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The Labyrinth is found next door to St. Paul’s Anglican Church in the St Paul's Parish Hall complex (1140 Jervis Street) and is a full 13-metre replica of the medieval labyrinth laid in the stone floor of the 13th-century Cathédrale de Notre-Dame de Chartres, 80Km south of Paris, France. Our labyrinth was opened in 1996.

"The Labyrinth is a spiritual tool that has many applications in various settings. It reduces stress, quiets the mind and opens the heart. It is a walking meditation, a path of prayer, and a blue-print where psyche meets Spirit." - Rev. Lauren Artress

Who Walks? Why Walk?

For many, it is a way of centering themselves or of seeking insight during times of transition in their lives. For others, it is a channel for relating to the Divine.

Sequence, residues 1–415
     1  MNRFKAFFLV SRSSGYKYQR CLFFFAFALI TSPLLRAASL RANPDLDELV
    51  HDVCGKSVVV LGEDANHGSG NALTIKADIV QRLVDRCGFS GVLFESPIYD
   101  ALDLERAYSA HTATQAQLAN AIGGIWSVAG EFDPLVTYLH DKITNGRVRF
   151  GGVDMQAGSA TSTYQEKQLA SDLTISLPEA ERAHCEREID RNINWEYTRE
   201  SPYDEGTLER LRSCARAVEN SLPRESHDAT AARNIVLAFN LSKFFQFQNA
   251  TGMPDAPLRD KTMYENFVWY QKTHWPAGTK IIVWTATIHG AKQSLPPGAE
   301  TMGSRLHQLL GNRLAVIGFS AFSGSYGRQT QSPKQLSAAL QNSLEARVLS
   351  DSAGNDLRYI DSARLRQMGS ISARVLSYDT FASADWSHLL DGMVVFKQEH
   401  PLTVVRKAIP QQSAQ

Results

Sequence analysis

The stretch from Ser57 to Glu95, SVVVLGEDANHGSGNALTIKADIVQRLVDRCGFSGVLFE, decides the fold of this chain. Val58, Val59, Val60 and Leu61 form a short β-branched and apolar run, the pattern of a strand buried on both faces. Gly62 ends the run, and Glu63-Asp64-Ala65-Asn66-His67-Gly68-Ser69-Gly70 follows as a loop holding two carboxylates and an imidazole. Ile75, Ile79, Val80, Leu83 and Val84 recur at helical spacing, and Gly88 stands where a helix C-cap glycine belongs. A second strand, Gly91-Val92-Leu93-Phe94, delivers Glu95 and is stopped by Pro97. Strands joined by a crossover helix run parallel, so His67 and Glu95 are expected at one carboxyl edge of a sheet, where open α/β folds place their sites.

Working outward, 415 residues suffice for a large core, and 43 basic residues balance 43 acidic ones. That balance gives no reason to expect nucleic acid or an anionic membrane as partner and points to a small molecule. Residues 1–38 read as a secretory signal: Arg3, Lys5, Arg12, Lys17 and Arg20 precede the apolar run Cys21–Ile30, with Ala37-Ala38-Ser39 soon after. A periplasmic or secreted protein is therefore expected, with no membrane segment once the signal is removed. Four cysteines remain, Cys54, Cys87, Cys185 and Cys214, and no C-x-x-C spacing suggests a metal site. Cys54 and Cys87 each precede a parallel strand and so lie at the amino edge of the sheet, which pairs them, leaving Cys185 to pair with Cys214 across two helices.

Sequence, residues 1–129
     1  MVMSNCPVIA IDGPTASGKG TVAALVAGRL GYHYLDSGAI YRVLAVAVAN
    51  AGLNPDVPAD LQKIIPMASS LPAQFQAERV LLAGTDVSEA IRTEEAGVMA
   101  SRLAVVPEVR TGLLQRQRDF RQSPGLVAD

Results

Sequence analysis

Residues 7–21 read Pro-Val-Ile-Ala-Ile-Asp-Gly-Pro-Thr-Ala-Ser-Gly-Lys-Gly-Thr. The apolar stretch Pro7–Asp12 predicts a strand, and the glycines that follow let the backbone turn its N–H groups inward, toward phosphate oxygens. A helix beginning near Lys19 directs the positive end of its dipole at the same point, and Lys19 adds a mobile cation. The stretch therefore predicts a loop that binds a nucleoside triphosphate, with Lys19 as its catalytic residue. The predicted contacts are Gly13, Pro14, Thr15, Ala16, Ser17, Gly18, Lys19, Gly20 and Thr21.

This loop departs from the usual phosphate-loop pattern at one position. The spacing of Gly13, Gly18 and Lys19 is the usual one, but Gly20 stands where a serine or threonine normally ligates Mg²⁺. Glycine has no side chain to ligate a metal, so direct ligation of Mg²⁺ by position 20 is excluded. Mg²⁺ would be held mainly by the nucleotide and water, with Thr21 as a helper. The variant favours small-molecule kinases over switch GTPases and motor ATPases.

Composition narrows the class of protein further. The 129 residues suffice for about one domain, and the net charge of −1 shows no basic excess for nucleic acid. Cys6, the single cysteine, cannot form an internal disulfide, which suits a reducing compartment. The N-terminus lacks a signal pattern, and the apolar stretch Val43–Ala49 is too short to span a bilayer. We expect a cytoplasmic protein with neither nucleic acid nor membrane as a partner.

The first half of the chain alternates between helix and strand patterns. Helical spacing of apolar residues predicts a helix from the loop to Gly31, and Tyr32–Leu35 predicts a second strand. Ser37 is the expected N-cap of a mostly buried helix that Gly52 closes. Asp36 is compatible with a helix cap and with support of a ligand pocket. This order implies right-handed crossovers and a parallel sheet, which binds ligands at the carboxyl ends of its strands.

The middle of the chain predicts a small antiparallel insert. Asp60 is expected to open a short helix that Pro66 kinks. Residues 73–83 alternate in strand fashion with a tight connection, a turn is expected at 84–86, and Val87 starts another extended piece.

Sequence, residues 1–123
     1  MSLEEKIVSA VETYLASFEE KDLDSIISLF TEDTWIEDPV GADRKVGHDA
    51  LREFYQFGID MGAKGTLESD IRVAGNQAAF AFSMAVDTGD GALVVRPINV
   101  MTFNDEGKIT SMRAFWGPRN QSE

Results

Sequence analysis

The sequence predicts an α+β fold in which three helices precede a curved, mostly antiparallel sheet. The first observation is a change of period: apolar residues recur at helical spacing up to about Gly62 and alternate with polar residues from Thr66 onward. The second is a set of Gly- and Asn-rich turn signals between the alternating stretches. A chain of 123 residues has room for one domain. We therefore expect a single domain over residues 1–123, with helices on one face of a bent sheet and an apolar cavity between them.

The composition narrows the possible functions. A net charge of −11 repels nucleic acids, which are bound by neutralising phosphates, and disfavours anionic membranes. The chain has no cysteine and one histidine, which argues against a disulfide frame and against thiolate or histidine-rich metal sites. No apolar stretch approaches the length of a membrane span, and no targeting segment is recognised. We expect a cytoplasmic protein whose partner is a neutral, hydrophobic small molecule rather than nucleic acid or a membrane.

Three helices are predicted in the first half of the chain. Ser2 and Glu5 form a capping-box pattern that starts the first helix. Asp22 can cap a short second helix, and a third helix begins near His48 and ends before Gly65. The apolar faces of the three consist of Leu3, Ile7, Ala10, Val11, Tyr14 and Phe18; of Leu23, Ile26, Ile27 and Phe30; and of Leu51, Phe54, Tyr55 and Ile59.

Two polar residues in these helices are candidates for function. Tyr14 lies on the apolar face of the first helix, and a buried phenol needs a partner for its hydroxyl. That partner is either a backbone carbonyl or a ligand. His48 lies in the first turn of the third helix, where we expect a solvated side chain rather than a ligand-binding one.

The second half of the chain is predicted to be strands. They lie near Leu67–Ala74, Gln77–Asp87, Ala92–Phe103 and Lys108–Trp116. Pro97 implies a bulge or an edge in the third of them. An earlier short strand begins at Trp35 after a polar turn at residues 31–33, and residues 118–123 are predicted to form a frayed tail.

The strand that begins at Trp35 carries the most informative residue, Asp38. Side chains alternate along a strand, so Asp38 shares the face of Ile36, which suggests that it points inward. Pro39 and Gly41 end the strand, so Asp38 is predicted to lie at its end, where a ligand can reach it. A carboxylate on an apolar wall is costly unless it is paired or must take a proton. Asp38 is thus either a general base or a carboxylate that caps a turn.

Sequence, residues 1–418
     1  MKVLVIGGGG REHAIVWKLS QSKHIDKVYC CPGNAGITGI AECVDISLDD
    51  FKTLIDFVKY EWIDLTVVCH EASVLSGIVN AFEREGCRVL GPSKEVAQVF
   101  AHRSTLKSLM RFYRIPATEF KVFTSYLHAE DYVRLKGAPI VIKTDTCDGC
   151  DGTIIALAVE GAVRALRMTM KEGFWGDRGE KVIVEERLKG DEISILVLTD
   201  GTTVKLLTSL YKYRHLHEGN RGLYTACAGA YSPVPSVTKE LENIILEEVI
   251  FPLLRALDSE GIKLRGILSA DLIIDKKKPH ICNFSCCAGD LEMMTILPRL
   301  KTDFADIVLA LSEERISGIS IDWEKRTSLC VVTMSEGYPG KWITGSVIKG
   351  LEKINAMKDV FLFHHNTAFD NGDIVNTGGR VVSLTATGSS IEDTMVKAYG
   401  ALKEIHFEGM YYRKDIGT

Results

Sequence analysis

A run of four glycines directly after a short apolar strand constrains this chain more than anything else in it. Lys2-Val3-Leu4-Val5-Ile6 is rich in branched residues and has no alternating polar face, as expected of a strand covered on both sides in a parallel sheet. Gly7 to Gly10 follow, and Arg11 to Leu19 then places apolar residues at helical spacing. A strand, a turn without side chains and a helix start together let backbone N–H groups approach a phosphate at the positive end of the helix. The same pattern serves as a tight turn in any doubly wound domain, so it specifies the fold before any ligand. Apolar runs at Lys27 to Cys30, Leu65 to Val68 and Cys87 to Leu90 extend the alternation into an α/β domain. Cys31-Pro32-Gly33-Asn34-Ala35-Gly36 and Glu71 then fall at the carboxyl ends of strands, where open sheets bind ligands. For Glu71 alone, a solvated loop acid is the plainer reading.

The labyrinth is a spiritual form that is open to people of all faiths and spiritual disciplines as a resource for meditation, reflection, and prayer. Unlike a maze, labyrinths have only one path that leads into the centre and back out again. Often we have slips of paper and pens to write down your thoughts, meditations or prayers. There are also chairs and cushions for still forms of meditation and centering.

Who Created St Paul's Labyrinth?

St Pauls Labyrinth was created by a group of dedicated volunteers in 1996 under the initiative and leadership of the Reverend April Stanley during her appointment as associate priest at St Paul's. It is a program of St Paul's Anglican Church, funded as part of parish ministry.

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